If the worm is executed a second time, the email message will have the subject "ZaCker" and an attachment named ZaCker.exe. This is because the worm renames the computer to "ZaCker."

The content of the mail will be any of the following (randomly chosen) lines:

Test this game
I wish u like it
I have got this file for you
Surprise !!!
download this game & have fun ;)
desktop maker ,you may need it ;)
have you ever got a gift !?
What women wants !
Don't waste any time ,Subscribe now
Make your pc funny !
new program from my fun groups
Map of the world
Create your Ecard
Send it to everybody you love
Its made by me ;)
Our symbol
If you have an elegant taste
Test your mind
1 + 1 = 3 !!!
Singer , searsh for any song and sing ;)
For everybody wants to marry a woman that he doesn't love !
nowadays , there is no womanhood !!  :P
Just Try to fix it
Keep these advertisements run and earn 0.25 $ per 10 minute ;)
See this file

W32.Maldal.D@mm is a retroworm (a worm virus that actively attacks antivirus programs in an effort to prevent detection). It deletes antivirus programs that it finds in the following folders:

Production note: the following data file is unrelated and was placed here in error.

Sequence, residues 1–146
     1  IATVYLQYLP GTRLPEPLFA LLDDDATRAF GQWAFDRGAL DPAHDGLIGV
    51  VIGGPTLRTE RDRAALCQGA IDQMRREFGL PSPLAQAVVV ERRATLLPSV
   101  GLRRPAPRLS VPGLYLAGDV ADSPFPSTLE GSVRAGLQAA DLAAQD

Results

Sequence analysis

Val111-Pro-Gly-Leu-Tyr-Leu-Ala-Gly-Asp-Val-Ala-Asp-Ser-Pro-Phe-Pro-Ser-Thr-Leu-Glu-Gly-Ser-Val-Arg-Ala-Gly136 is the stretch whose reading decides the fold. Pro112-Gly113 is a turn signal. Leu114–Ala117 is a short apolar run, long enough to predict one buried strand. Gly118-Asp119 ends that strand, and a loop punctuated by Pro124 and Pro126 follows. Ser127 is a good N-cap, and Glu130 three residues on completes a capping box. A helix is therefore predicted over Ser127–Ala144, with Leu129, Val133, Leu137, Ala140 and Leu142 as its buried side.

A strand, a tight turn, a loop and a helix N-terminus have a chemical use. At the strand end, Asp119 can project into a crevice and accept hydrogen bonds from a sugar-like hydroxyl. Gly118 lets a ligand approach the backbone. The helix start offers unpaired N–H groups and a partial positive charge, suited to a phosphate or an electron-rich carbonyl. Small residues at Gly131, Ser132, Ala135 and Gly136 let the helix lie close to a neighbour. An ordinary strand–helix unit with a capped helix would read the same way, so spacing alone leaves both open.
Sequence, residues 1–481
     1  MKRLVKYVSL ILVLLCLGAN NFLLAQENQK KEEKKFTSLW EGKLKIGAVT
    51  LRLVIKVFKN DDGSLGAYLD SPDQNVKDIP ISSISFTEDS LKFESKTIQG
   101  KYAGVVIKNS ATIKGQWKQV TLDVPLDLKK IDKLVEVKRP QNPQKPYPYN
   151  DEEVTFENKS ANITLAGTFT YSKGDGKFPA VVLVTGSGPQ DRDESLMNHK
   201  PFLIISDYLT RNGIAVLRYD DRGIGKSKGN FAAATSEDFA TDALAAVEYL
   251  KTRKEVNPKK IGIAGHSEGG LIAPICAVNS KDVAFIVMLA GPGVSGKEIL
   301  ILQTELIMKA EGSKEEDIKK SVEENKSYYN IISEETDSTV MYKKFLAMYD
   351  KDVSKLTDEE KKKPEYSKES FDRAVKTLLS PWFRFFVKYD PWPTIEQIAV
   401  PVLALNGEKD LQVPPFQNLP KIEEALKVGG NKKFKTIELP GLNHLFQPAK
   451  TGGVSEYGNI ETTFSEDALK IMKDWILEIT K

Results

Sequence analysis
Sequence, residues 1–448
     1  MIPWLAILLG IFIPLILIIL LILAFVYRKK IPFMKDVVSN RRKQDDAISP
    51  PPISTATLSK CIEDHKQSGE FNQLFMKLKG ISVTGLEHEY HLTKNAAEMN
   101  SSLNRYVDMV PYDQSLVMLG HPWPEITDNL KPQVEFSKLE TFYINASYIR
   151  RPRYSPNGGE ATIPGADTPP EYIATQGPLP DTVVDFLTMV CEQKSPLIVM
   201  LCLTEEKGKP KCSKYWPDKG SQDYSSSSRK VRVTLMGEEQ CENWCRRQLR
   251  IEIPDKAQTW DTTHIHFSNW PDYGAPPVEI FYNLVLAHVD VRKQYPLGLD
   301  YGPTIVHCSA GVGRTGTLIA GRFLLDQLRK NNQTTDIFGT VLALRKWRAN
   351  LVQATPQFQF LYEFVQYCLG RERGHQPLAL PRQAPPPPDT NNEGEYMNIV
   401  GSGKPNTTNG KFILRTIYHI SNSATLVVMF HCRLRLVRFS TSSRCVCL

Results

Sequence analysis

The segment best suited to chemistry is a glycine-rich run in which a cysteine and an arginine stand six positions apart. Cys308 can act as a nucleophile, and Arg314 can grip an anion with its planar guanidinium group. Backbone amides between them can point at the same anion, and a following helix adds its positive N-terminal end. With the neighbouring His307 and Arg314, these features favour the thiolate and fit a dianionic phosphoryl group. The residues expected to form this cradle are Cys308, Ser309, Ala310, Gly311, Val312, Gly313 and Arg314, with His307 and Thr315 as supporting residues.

• Program Files\AntiViral Toolkit Pro
  • Program Files\Command Software\F-PROT95
  • eSafe\Protect
  • PC-Cillin 95
  • PC-Cillin 97
  • Program Files\Quick Heal
  • Program Files\FWIN32
  • Program Files\FindVirus
  • Toolkit\FindVirus
  • F-macro
  • Program Files\McAfeeVirusScan95
  • Program Files\Norton AntiVirus
  • TBAVW95
  • VS95
  • Rescue
  • Program Files\Zone Labs\

Finally, the worm deletes several files, including those with the file extensions .ini, .php, .exe, .com, .mpeg, .dat, .zip, .txt, .exe, .xls, .doc, and .jpg.


Symantec Security Response encourages all users and administrators to adhere to the following basic security "best practices":

  • Use a firewall to block all incoming connections from the Internet to services that should not be publicly available. By default, you should deny all incoming connections and only allow services you explicitly want to offer to the outside world.